There was nothing about this story that seemed right, nothing that felt warm and homey and comforting. Mary got pregnant too early and under circumstances no one could believe. Joseph, confused and angry, was ready to quietly un-engage her, until an angel intervened.

And if that wasn’t enough, Caesar interrupted the whole thing with his call for a census, requiring a trip to Bethlehem, a place far from the home and family they knew. They would travel all that way, endangering themselves and the baby, so their conquerors could collect more tax money. This is not a happy story. Not yet.

If you are hurting or angry or confused this Advent season, you are in good company, at least according to the actual Biblical story. If you are lonely or grieving this Advent season, your story is their story, a people who had been conquered for centuries, wondering if God had forgotten them. If you can’t be full of good cheer and cringe at the thought of crowded malls and gift extravaganzas and to-do lists longer than your arm, you are not being a Scrooge or a Grinch.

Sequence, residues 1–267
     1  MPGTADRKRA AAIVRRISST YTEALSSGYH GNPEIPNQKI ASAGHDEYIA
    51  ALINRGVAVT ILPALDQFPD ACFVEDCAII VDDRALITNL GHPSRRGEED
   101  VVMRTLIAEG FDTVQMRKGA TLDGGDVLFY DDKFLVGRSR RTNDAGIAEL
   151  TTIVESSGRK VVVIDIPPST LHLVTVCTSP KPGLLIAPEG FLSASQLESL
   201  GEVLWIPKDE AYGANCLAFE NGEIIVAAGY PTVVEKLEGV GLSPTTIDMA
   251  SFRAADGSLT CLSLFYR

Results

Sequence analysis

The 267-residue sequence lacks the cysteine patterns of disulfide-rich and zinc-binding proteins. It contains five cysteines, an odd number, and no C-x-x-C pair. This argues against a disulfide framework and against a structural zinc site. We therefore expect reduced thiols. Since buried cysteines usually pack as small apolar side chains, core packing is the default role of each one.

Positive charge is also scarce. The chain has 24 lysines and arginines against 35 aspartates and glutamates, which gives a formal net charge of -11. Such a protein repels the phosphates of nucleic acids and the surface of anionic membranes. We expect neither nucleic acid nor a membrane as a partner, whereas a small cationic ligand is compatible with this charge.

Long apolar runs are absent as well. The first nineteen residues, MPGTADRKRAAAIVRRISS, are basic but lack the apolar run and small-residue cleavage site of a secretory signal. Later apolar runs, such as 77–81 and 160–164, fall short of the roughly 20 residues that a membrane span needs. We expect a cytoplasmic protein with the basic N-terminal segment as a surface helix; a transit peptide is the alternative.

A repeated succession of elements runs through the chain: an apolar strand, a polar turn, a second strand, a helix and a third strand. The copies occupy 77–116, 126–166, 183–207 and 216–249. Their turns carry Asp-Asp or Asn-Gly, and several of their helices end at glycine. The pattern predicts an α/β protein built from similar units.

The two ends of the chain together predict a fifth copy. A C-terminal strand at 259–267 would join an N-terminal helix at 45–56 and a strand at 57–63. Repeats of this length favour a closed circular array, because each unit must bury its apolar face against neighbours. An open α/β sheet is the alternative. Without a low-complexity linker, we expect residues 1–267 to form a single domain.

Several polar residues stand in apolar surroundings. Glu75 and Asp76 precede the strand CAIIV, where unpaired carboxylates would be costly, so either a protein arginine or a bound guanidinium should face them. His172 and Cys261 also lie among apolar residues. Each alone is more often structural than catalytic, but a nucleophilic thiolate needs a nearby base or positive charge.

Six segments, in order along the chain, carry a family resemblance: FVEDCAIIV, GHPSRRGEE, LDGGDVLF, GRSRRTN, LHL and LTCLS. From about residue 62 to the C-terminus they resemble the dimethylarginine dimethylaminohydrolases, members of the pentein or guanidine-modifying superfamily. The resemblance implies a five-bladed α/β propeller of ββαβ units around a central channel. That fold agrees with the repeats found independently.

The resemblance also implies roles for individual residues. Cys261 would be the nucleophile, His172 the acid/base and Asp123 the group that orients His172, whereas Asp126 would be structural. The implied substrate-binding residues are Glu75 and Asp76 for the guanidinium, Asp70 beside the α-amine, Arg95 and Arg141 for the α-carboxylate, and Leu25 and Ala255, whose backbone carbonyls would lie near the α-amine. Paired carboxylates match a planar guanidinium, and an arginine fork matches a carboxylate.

In fact, you may know better than most the real struggle in this story we know almost too well. Perhaps those with troubled hearts might just have the ears to hear the depth of pain and longing the “holly jolly” approach has written right out of the story. This is the quiet story, not the one of hustle and bustle and ringing cash registers.

This is the story that makes room for pregnant teenagers and confused husbands and people who wonder what God is up to—or even sometimes, if God is up to anything, but who go anyway. This is the true story, according to scripture, the story that has almost been drowned out by demands for good cheer and forced festivities that actually have little to do with the nativity.